Image3_Molecular Pathology of Sodium Channel Beta-Subunit Variants.TIF (874.14 kB)
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Image3_Molecular Pathology of Sodium Channel Beta-Subunit Variants.TIF

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posted on 2021-11-19, 04:42 authored by Paweorn Angsutararux, Wandi Zhu, Taylor L. Voelker, Jonathan R. Silva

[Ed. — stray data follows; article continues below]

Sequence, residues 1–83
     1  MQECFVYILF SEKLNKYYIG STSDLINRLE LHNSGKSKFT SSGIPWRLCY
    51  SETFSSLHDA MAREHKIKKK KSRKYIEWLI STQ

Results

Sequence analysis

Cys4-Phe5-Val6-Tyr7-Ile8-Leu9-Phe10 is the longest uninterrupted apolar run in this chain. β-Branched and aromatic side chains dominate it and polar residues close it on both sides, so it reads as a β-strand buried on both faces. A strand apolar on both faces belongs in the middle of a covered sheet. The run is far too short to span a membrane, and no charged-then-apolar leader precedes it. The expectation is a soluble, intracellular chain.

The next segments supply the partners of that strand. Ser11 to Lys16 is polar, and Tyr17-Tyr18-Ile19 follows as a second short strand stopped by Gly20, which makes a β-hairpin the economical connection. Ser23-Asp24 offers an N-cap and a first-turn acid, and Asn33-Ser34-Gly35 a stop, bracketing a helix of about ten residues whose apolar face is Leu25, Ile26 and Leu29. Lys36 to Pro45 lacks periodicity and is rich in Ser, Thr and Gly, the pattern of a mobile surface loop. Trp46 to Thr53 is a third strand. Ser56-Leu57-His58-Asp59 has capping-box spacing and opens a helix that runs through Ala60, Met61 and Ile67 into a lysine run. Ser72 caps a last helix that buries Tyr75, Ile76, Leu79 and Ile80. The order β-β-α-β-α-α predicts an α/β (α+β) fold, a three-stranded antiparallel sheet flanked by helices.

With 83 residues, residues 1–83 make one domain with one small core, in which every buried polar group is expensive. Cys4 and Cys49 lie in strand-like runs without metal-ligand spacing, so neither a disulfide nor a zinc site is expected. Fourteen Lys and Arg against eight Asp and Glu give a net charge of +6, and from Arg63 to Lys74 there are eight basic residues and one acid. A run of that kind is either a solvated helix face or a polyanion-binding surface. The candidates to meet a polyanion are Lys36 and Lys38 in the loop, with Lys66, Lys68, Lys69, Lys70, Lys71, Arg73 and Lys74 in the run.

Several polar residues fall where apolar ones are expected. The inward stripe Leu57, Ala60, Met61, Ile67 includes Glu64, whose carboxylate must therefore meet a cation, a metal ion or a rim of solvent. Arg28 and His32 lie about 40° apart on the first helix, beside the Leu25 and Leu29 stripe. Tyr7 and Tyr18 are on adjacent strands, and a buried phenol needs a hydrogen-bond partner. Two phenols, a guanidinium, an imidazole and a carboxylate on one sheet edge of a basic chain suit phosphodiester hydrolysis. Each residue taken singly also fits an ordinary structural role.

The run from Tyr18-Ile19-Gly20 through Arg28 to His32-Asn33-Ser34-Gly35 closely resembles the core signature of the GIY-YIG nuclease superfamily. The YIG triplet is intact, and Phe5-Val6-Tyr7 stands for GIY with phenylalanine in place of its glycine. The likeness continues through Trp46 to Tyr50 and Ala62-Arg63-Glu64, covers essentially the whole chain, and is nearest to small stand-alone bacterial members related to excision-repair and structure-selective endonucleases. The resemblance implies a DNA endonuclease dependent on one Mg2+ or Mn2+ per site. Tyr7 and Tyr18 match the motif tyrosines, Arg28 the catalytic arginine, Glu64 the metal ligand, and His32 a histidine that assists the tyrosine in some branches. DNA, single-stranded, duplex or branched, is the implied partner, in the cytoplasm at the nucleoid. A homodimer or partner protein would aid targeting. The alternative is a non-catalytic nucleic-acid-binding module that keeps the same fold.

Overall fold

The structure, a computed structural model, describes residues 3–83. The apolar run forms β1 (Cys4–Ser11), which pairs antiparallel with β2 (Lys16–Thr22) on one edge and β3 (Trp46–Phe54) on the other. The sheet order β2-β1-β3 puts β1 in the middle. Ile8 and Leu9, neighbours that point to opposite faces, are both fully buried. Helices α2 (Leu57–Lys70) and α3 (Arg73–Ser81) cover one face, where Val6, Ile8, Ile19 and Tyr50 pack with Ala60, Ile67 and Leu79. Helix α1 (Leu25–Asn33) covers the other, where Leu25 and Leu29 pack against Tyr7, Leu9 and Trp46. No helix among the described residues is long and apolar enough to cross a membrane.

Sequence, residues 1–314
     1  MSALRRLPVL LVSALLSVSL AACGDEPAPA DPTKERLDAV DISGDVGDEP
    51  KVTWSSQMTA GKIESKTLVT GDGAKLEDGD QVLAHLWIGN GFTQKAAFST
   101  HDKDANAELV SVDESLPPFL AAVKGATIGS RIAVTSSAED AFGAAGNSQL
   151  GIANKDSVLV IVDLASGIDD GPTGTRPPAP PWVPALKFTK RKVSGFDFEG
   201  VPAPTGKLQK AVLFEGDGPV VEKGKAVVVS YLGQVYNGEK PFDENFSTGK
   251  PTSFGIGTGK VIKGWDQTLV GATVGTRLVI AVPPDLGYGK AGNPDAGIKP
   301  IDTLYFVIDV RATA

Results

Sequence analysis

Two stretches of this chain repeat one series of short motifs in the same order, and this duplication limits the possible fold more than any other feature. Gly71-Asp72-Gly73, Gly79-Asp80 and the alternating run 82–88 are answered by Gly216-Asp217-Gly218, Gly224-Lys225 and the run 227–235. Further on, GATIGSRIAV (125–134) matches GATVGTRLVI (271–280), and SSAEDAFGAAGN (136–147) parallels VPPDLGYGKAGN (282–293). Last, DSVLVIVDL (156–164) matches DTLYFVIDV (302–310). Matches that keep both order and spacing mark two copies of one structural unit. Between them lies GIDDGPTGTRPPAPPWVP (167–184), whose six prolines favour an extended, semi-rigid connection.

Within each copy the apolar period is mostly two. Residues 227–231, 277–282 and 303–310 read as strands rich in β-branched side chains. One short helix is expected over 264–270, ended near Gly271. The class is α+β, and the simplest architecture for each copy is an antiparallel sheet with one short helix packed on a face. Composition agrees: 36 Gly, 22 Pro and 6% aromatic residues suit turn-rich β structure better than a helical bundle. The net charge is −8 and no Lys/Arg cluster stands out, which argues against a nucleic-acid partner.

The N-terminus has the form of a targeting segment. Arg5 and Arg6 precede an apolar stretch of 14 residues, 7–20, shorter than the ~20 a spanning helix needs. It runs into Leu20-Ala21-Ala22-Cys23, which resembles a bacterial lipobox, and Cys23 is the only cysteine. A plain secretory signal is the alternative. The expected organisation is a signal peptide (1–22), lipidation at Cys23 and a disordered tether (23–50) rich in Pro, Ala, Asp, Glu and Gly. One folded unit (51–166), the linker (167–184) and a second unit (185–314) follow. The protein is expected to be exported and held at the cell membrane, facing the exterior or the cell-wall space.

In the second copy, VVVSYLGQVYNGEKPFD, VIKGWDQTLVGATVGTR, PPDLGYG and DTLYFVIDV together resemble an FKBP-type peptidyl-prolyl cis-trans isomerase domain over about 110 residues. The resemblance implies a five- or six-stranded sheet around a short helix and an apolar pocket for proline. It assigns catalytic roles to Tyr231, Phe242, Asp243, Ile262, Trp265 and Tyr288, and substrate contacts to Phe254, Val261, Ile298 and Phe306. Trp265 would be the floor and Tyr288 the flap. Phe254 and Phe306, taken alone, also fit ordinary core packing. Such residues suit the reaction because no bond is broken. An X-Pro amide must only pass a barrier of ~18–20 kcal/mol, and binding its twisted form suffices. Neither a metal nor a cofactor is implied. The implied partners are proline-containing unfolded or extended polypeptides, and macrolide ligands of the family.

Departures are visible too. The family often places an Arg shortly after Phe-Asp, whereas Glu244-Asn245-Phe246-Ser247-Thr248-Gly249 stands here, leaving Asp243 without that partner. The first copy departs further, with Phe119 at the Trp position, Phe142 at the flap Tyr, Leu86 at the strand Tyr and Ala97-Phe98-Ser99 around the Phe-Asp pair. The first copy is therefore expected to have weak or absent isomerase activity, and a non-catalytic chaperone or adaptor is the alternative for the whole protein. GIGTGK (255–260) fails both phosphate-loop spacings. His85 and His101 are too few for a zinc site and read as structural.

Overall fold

The voltage-gated Na+ channel regulates the initiation and propagation of the action potential in excitable cells. The major cardiac isoform NaV1.5, encoded by SCN5A, comprises a monomer with four homologous repeats (I-IV) that each contain a voltage sensing domain (VSD) and pore domain. In native myocytes, NaV1.5 forms a macromolecular complex with NaVβ subunits and other regulatory proteins within the myocyte membrane to maintain normal cardiac function. Disturbance of the NaV complex may manifest as deadly cardiac arrhythmias. Although SCN5A has long been identified as a gene associated with familial atrial fibrillation (AF) and Brugada Syndrome (BrS), other genetic contributors remain poorly understood. Emerging evidence suggests that mutations in the non-covalently interacting NaVβ1 and NaVβ3 are linked to both AF and BrS. Here, we investigated the molecular pathologies of 8 variants in NaVβ1 and NaVβ3. Our results reveal that NaVβ1 and NaVβ3 variants contribute to AF and BrS disease phenotypes by modulating both NaV1.5 expression and gating properties. Most AF-linked variants in the NaVβ1 subunit do not alter the gating kinetics of the sodium channel, but rather modify the channel expression. In contrast, AF-related NaVβ3 variants directly affect channel gating, altering voltage-dependent activation and the time course of recovery from inactivation via the modulation of VSD activation.